Government and Politics Edexcel: Parliament Essay Plans Parliamentary sovereignty House of Commons European Communities Act 1972 - EU Law: Devolution: Rule of Law: ECHR: A.V. Dicey
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Government and Politics: Conservatism - Main themes, Human imperfection and Strands
Government and Politics: To what extent is the UK suffering from a democratic crisis?
Government and Politics: To what extent is there a Separation of Powers in the UK (Fusion of Powers, Executive and Legislature)
Government and Politics Edexcel: Prime Minister: Powers/functions & extent the PM can control cabinet
Politics: Supreme Court - Appointments process, key cases, and relevant points - (US) American Politics
Asked by Abdalla
Are our Human Rights inadequately protected by the UK’s constituitional arrangements?
Yes points - HRA 1998. Section 3 - for judges to interpret all UK law in line with the European Convention of human rights e.g Ghaidan v Godin Mendoza -Section 4 - allows for judiciary to make declaration of incompatibility if UK statute isn't in line with the ECHR e.g. Bellinger v Bellinger (resulting in the gender recognition act) and - Further separation of powers through constitutional reform act 2005, establishing separate Supreme Court (more ready to challenge Statutory disregard for HR?) - Judicial Review for if state bodies act ultra vires (beyond conferred powers), using methods such as 'Wednesbury unreasonableness', 'procedural impropriety', 'illegality' and 'proportionality' e.g. Pham 2015 (prevention of suspected terrorist losing their 'right to rights') - common law protection of rights e.g. Entick v Carrington Changing concept of constitution allowing for greater protection of human rights e.g. Bi-polar sovereignty, Knight - sovereignty both resides with the crown in courts and the crown in Parliament.. empowerment of courts mean they are more equipped to protect rights? E.g. Legally constitutionalist perspective of Neuberger in R (Evans) v Attorney General "decisions of a court is binding... cannot be ignored... fundamental to the rule of law that decisions and actions of the executive are... reviewable by the court at the suit of an interested citizen" No - Doctrine of Parliamentary Sovereignty central to U.K. Constitution (A.V. Dicey - introduction to the constitution)... Allowing Parliament to 'make or unmake any law' examples of Parliamentary sovereignty in law: Madzimbamuto v Lardner Burke, Thoburn v Sunderland city council, Pickin v British Railroad - Judiciary don't commonly make Declarations of incompatibility under s4 e.g. Nicklinson 2014 - Human Rights are more so protected via political accountability rather than constitutional arrangements, since Parliament wouldn't infringe explicitly on rights the electorate hold dear (Read Adam Tomkins on political accountability)
Asked by Jojo
If you have given a chance to promote an advocacy in your school, what would it be and why?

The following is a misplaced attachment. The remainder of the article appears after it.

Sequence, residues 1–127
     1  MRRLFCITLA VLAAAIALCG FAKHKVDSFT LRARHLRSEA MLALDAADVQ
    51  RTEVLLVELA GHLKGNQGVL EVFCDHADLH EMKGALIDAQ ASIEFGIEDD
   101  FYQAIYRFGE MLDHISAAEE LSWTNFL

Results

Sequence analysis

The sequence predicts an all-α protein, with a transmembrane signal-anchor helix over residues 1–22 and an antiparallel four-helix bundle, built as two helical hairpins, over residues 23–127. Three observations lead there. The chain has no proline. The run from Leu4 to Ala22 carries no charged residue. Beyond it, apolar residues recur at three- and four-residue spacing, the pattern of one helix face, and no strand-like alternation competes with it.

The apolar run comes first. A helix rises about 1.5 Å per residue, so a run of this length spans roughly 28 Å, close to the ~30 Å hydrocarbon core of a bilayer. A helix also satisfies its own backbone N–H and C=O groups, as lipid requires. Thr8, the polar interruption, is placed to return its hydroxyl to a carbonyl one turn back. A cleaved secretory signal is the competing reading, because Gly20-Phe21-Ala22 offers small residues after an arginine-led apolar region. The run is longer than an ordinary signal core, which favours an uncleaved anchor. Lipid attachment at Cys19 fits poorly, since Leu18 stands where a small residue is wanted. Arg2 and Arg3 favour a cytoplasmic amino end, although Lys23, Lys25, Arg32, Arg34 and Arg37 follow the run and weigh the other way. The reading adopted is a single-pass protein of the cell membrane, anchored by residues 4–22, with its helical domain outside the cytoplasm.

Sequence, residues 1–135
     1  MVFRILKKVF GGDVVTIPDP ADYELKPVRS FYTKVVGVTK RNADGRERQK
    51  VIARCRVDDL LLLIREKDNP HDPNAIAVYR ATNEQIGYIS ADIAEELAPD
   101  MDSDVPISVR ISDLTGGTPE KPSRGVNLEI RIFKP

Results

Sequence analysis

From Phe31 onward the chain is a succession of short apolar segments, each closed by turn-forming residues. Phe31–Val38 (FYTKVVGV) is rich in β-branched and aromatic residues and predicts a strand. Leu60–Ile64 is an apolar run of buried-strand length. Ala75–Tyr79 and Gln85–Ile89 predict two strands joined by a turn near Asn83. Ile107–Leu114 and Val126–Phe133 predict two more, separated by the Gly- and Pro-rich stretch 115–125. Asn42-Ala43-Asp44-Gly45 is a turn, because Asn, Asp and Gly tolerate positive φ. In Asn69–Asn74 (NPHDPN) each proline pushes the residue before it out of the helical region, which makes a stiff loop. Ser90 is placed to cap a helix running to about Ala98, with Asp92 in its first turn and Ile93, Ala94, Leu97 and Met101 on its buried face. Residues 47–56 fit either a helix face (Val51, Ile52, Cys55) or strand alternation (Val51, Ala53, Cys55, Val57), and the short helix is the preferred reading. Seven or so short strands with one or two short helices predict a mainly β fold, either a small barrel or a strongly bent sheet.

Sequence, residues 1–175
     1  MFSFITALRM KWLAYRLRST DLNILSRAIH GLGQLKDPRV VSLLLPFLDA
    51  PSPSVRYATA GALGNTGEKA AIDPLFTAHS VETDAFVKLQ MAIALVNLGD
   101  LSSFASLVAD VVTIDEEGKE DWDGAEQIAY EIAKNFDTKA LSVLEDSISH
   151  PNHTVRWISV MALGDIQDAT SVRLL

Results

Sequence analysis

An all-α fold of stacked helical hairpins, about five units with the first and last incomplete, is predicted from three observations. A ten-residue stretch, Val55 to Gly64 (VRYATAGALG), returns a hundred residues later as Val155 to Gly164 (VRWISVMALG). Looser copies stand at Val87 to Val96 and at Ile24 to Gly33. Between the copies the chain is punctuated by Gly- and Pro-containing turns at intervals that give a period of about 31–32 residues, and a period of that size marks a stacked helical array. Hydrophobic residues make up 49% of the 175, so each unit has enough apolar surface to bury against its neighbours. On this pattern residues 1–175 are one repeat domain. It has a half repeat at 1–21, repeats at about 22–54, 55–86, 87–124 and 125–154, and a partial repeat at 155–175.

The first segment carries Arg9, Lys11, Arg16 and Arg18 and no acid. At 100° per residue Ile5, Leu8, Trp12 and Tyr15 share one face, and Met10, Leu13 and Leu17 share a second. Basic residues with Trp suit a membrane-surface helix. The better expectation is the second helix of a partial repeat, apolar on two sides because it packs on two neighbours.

This is a tricky one, when thinking about what advocacy to promote you must think of the student body as a whole and what would benefit not only them but the wider community. As a teacher it must not be a personal response but rather an informed and researched response upon student needs.
Asked by Abdalla
What is the difference between one nation and Thatcherism in the Conservative party?
Whereas Conservatives of the One Nation tradition saw the workings of the market as imperfect and needing correction by the Government and a need to bind together the different groups in society, there were always some Conservatives who believed in the need for a market free from government interference and in the importance of individual effort rather than any idea of society as a whole. The Thatcher Governments from 1979 to 1990 followed many New Right ideas. Here's three key examples: - A reduction in the size of the State. The New Right view was that Government Departments and local authorities had an inbuilt interest in spending more on the programmes that they controlled. - The reduction of public expenditure because it took resources away from private investment. In the same way, high taxation inhibits entrepreneurship. - Deregulation of the economy. Markets will work best and create wealth without government intervention.
Asked by Sarah
What are some reasons why immigrants immigrate to the U.S?
1. To escape past or future persecution based on race, religion, nationality, and/or membership in a particular social group or political opinion 2. To escape conflict or violence 3. To find refuge after being displaced due to environmental factors 4. To seek superior healthcare 5. To escape poverty 6. To offer more opportunities to children 7. Family reunification 8. For educational purposes 9. For jobs and business opportunities 10. Marriage https://www.globalcitizen.org/en/content/why-people-migrate-11-surprising-reasons/
Asked by Ruth
What’s the best way to prepare for an interview?
Do research into the company and try and find out what their key company values are. After that try and think of examples within your life that show that value. For example, if one of key values is teamwork think of a way in which you have demonstrated good teamwork.
Asked by Blessing
Give three reasons why cannabis should be a Class C drug and two reasons why it shouldn’t?
Hi Blessing! Three reasons why cannabis should be a Class C drug: 1. Cannabis is not very strong and not very addictive 2. Cannabis is not as dangerous as other class B drugs 3. Cannabis can be used for medical reasons. Two reasons why cannabis shouldn't be a Class C drug: 1. Cannabis can cause the user to develop psychosis and other mental health problems. 2. The use of cannabis can lead to the use of other, more dangerous drugs.